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Dietary β-carotene is the most important precursor of vitamin A. However, the determination of the efficiency of in vivo conversion of β-carotene to vitamin A requires sensitive and safe techniques. It presents the following challenges: 1) circulating β-carotene concentration cannot be altered by eating a meal containing ≤6 mg β-carotene; 2) because retinol concentrations are homeostatically controlled, the conversion of β-carotene into vitamin A cannot be estimated accurately in well-nourished humans by assessing changes in serum retinol after supplementation with β-carotene. In the past half-century, techniques using radioisotopes of β-carotene and vitamin A, depletion-repletion with vitamin A and β-carotene supplements, measurement of postprandial chylomicron fractions after consumption of a β-carotene dose, and finally, stable isotopes as tracers to follow the absorption and conversion of β-carotene in humans have been developed. The reported values for β-carotene to vitamin A conversion showed a wide variation from 2 μg β-carotene to 1 μg retinol (for synthetic pure β-carotene in oil) and 28 μg β-carotene to 1 μg retinol (for β-carotene from vegetables). In recent years, a stable isotope reference method (IRM) was developed that used labeled synthetic β-carotene. The IRM method provided evidence that the conversion of β-carotene to vitamin A is likely dose dependent. With the development of intrinsically labeled plant foods harvested from a hydroponic system with heavy water, vitamin A activity of stable isotope-labeled biosynthetic β-carotene from various foods consumed by humans was studied. The efficacy of plant foods rich in β-carotene, such as natural (spinach, carrots, spirulina), hybrid (high-β-carotene yellow maize), and bioengineered (Golden Rice) foods, to provide vitamin A has shown promising results. The results from these studies will be of practical importance in recommendations for the use of pure β-carotene and foods rich in β-carotene in providing vitamin A and ultimately in preventing either overconsumption or poor intake of vitamin A by humans.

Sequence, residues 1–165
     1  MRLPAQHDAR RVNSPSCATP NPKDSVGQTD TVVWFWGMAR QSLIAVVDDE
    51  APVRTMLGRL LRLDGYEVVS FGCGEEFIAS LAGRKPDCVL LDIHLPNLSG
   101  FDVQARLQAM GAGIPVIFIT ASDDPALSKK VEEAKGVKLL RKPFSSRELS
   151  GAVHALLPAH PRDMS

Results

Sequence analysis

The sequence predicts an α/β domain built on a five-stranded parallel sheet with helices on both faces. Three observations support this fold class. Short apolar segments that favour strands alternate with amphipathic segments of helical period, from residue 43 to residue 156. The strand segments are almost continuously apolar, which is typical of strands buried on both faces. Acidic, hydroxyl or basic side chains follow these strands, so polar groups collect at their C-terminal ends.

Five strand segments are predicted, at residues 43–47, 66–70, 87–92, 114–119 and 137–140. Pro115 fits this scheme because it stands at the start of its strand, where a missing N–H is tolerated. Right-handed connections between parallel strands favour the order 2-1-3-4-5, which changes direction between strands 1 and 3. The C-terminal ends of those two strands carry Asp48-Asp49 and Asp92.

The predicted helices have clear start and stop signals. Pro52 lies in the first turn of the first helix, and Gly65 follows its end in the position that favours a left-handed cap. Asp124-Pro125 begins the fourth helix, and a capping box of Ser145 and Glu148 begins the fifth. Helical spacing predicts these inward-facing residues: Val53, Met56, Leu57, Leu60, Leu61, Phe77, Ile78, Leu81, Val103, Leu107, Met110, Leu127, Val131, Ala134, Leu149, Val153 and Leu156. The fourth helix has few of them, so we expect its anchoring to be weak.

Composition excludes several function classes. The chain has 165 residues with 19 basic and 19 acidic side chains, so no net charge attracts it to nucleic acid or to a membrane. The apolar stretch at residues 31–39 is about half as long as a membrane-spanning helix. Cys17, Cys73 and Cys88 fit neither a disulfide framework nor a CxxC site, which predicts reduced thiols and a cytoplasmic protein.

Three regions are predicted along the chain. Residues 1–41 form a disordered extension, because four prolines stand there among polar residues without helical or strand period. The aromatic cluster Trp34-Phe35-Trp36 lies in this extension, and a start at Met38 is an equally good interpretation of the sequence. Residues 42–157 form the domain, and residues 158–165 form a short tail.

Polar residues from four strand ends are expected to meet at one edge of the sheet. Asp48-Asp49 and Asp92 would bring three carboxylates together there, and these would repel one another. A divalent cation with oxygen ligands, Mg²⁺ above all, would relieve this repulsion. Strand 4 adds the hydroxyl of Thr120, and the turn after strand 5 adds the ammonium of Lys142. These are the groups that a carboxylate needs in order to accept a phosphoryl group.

Guangwen Tang. Techniques for measuring vitamin A activity from β-carotene. The American journal of clinical nutrition. 2012 Nov;96(5):1185S-8S

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PMID: 23053556

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